Rosapepe said in an email that he was pushing for further measures at the University of Maryland, College Park, and other state universities, such as closing indoor dining and drinking in the campus area and strong enforcement of physical distancing rules.

The university system’s testing directive comes as colleges across the country develop and adjust plans for reopening their campuses, fighting a tight window given that many students are scheduled to arrive in mid- or late August.

Some schools have reversed course and decided to keep their campuses closed after watching coronavirus cases continuing to rise across the country. This week alone, three universities in Washington, D.C. — American, George Washington and Georgetown — joined a growing group of U.S. colleges that abandoned plans to reopen and will instead offer online-only courses for now.

In the Baltimore area, colleges generally are offering a hybrid of in-person and remote classes and have modified dorms, libraries and dining facilities to accommodate fewer students.

“The uncertainty surrounding COVID spread and impact demands that our plans be flexible enough to respond to disease risk in real time, changing as COVID conditions and safety guidelines change,” the Maryland system statement said.

Once on campus, students, staff and visitors are required to wear masks, keep 6 feet apart and follow other local guidelines on gatherings.


“Adherence to these testing, symptom monitoring, and disease mitigation protocols is essential to the safety of our USM community,” the system said, “and to our ability to resume and sustain in-person instruction this fall.”

Testing and monitoring plans vary among campuses, and in some cases remain to be finalized.

A university system spokeswoman said that positive test results will be reported to state health authorities, which will activate a contact tracing process to identify other potential cases.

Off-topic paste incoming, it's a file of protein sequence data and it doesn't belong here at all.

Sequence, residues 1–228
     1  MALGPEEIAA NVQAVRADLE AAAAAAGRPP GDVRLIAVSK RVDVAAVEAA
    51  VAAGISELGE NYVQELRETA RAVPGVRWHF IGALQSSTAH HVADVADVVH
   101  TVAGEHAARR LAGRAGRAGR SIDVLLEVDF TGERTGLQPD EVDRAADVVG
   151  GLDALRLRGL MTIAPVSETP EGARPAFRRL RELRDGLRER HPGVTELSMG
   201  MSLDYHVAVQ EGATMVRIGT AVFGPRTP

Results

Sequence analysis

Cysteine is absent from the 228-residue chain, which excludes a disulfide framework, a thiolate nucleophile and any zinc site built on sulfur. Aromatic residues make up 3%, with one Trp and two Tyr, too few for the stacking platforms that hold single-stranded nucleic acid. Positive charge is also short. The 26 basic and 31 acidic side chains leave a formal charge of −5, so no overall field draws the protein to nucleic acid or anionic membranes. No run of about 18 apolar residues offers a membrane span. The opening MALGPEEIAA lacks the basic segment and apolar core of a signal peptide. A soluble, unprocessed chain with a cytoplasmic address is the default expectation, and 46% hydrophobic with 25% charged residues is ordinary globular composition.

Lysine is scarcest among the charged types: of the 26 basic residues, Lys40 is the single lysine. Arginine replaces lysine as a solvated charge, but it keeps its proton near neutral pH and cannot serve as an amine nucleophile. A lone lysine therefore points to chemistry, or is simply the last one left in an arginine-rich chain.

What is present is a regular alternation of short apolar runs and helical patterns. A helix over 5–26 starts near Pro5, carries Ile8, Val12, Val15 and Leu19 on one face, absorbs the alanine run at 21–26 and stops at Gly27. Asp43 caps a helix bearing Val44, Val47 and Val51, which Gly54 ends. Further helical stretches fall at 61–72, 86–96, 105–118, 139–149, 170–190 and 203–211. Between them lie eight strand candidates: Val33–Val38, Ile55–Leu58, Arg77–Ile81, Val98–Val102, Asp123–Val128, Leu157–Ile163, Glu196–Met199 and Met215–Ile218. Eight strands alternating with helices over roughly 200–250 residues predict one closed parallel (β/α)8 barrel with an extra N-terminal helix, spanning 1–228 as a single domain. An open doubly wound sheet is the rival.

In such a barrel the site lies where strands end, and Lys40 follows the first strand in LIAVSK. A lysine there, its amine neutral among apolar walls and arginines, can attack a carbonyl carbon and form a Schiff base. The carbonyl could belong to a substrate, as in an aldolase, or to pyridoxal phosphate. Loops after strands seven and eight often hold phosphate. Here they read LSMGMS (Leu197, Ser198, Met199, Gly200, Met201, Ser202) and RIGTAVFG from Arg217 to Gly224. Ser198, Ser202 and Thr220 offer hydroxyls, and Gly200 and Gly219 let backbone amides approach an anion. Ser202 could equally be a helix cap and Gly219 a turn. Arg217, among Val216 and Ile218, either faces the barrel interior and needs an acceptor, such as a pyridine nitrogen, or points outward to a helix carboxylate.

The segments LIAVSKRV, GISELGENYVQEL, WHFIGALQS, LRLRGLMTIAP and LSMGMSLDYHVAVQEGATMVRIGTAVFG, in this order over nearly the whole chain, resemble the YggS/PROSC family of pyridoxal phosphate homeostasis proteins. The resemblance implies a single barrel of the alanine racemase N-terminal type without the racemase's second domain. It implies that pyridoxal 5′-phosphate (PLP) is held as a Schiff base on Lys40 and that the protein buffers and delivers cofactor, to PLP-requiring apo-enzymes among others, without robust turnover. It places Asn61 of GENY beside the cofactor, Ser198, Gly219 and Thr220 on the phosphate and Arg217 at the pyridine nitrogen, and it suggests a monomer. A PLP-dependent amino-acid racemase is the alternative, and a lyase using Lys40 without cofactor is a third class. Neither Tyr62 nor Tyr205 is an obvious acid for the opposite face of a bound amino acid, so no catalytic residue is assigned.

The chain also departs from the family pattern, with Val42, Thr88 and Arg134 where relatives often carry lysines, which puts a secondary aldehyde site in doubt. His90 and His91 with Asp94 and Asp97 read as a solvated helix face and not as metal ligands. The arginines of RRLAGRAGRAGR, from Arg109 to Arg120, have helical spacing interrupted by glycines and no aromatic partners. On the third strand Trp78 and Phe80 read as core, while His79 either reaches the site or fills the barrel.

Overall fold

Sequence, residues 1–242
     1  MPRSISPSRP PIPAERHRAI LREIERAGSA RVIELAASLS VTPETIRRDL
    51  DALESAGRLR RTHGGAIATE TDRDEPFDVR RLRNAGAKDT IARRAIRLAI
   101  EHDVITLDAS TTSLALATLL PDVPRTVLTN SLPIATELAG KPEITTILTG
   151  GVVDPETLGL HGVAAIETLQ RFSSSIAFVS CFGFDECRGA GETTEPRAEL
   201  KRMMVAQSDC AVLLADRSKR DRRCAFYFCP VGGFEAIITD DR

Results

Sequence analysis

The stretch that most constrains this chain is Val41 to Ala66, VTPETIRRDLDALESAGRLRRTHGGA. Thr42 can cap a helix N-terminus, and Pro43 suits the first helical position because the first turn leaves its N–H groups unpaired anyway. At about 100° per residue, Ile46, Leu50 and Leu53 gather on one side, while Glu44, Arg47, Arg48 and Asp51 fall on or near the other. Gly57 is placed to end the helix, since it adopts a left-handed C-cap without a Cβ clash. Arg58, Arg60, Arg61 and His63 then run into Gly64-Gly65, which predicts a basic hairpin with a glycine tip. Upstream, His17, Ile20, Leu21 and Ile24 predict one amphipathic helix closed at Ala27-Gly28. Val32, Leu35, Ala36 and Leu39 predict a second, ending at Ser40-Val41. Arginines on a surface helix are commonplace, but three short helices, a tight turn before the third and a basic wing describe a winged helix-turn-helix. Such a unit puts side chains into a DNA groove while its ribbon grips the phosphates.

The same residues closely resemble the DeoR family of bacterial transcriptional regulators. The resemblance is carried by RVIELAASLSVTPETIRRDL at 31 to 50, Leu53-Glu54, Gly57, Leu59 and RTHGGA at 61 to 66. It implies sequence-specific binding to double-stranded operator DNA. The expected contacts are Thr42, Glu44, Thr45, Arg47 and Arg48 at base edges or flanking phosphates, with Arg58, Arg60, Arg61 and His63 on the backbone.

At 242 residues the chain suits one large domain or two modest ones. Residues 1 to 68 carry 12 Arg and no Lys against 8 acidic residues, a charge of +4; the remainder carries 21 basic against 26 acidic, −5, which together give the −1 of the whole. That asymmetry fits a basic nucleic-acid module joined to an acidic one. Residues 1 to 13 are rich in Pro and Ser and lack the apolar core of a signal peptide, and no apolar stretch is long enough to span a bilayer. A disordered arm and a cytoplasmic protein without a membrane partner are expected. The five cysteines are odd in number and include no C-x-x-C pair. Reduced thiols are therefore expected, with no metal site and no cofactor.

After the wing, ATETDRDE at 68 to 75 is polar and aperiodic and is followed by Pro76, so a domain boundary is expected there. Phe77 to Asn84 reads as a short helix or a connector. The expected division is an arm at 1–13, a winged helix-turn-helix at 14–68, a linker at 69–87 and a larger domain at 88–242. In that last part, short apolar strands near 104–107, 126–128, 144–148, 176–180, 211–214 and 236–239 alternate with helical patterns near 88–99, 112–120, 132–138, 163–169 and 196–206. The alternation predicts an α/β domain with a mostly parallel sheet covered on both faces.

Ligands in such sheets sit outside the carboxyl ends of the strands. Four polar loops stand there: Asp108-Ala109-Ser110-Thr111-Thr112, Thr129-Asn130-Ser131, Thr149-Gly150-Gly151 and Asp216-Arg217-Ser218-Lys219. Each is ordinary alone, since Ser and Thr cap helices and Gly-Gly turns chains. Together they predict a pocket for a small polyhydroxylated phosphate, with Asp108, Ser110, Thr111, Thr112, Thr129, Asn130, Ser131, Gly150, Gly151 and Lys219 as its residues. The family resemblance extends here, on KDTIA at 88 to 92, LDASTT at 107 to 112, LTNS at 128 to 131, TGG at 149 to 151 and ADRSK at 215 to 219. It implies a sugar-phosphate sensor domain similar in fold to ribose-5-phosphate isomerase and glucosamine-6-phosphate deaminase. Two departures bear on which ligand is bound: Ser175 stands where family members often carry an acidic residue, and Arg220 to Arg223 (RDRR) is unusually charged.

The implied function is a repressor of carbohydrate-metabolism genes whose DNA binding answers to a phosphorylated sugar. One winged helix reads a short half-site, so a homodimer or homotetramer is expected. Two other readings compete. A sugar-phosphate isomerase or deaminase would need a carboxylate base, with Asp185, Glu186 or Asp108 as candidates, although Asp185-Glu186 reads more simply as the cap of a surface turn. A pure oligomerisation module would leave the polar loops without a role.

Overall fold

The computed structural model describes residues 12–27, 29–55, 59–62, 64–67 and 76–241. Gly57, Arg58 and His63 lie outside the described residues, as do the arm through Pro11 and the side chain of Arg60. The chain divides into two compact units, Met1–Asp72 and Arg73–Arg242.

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Even before the new academic year has gotten underway, The New York Times reported that more than 6,300 coronavirus cases have been linked to 270 colleges across the country.

Schools are encouraging students and staff to keep attuned to any symptoms of the virus that they might develop.

The University of Maryland, Baltimore County, for example, has developed an online symptom tracking form. Faculty, staff, and students who are approved to be on campus will be required to complete the form every day, which should take about 30 seconds, said Dinah Winnick, the school’s communications director.


For testing, UMBC will use a lab at the University of Maryland, Baltimore, because it has a faster turnaround time on results than many others in the region, Winnick said.

The university is trying to tamp down the number of people on site to help limit the potential spread of the virus, she said.

“Residence halls will be at less than 50% occupancy,” Winnick said, “and only 10% of courses will have an on-campus component.”

Baltimore Sun reporter Christine Condon contributed to this article.